Mixcloud has just announced a new live streaming platform Mixcloud Live. The service lets users live stream visuals – not just audio – from any standard desktop streaming app such as OBS, Wirecast and so on. Once your stream is up, viewers can chat and engage on the viewing page. And that’s it. So what’s the big deal? What makes Mixcloud’s offering more suited to DJs than Facebook Live, YouTube, Twitch, Instagram or any other live stream service? There’s one key difference.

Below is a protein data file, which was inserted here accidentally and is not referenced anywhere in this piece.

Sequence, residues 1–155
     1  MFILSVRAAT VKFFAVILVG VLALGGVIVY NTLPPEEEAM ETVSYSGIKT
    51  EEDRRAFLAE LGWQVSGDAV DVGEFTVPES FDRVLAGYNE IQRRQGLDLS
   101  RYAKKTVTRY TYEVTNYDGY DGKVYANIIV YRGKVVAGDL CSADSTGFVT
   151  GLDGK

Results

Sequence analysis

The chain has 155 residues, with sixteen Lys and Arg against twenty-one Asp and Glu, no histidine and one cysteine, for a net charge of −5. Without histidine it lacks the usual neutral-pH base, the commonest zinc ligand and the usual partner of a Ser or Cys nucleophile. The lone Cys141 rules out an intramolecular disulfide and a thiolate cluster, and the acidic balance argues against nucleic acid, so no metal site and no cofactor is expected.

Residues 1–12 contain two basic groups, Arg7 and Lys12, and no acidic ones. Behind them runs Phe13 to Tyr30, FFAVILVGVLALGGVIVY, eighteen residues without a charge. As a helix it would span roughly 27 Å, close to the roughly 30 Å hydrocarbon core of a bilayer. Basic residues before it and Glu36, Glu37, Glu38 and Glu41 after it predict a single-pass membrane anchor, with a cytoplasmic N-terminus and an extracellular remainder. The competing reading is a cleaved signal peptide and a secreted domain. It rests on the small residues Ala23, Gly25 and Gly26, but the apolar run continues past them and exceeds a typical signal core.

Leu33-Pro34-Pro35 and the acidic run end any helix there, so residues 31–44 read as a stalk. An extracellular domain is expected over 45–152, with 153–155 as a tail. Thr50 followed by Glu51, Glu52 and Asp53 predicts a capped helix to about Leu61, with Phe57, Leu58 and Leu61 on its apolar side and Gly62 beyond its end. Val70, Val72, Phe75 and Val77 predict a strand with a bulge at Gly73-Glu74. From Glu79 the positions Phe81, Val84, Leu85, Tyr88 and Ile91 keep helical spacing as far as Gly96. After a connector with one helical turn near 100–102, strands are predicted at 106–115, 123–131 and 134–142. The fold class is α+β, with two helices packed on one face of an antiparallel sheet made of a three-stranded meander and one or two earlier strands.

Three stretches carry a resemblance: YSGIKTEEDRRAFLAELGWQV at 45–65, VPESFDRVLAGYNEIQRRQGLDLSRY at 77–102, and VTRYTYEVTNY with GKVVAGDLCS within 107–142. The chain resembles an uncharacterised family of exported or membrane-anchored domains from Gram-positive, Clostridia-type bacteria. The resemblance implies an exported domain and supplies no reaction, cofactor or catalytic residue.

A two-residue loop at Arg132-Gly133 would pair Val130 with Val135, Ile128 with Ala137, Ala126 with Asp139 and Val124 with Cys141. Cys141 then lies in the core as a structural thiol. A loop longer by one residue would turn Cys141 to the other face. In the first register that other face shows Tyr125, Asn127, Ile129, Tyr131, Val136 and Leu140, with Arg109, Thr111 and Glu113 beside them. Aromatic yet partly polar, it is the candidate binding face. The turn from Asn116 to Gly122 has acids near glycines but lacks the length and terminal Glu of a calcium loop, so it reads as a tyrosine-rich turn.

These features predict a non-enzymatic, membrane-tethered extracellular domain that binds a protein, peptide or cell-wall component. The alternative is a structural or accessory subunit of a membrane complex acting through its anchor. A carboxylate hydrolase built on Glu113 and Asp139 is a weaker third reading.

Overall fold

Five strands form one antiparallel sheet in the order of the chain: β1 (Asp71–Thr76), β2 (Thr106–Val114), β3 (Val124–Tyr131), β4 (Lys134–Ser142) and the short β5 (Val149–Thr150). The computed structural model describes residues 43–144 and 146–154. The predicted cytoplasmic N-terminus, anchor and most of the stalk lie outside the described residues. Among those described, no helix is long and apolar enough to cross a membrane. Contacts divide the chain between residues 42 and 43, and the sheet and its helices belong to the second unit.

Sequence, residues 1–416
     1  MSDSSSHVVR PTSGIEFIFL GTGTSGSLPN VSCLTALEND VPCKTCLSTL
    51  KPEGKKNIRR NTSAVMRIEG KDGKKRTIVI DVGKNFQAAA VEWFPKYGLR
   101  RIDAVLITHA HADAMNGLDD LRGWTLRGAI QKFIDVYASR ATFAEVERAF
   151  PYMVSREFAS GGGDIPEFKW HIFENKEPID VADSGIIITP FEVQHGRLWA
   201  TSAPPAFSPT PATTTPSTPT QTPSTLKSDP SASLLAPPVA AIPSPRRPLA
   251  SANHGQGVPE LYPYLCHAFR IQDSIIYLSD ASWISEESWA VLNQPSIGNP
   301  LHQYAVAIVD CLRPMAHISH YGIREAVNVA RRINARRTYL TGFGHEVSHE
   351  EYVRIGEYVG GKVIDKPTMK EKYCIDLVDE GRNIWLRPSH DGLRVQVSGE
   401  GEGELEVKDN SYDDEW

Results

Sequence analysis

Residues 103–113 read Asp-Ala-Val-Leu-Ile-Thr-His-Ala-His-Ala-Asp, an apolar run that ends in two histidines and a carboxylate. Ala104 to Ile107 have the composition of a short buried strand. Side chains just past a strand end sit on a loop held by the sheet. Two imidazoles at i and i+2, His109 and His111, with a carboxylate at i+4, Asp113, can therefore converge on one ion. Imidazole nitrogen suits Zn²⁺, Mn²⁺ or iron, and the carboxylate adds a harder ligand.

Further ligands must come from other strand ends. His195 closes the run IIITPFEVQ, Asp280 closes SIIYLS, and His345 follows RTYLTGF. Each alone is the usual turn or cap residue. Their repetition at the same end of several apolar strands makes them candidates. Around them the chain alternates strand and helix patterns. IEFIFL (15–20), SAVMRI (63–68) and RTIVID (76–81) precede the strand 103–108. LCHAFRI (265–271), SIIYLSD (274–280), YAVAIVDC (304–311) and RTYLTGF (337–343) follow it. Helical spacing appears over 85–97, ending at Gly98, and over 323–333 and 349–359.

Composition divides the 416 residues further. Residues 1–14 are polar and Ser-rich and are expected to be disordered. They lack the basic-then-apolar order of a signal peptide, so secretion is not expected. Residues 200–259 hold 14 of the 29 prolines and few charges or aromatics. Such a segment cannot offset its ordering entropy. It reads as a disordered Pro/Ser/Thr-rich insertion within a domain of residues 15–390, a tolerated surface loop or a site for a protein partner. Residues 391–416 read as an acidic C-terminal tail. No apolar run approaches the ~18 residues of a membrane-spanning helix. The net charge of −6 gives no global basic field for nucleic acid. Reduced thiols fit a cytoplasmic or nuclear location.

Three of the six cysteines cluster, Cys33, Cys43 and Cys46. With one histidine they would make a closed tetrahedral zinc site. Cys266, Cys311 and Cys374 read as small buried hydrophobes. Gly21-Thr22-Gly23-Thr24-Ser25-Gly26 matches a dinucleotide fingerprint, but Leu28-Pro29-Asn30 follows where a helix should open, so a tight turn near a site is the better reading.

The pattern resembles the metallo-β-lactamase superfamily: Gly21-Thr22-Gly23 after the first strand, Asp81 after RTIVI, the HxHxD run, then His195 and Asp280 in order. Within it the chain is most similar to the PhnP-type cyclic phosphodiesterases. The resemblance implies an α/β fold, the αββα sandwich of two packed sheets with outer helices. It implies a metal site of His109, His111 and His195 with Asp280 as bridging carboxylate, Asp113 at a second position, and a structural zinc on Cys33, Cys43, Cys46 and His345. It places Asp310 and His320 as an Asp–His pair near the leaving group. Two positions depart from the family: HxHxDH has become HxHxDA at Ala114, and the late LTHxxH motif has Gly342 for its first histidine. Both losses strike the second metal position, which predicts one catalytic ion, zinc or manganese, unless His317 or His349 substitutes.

Mixcloud has license agreements with labels, publishers and performance rights organisations more suited to DJs, meaning that music that gets streamed on their platform actually generates revenue for the artists involved, much like a radio play, but without takedowns. And while not every single label and publisher in the world is on board, having signed deals with Universal Music Group (UMG), Warner Music Group (WMG) and Merlin, the global digital rights agency for independent labels, means that a very large portion of published music is part of the catalogue.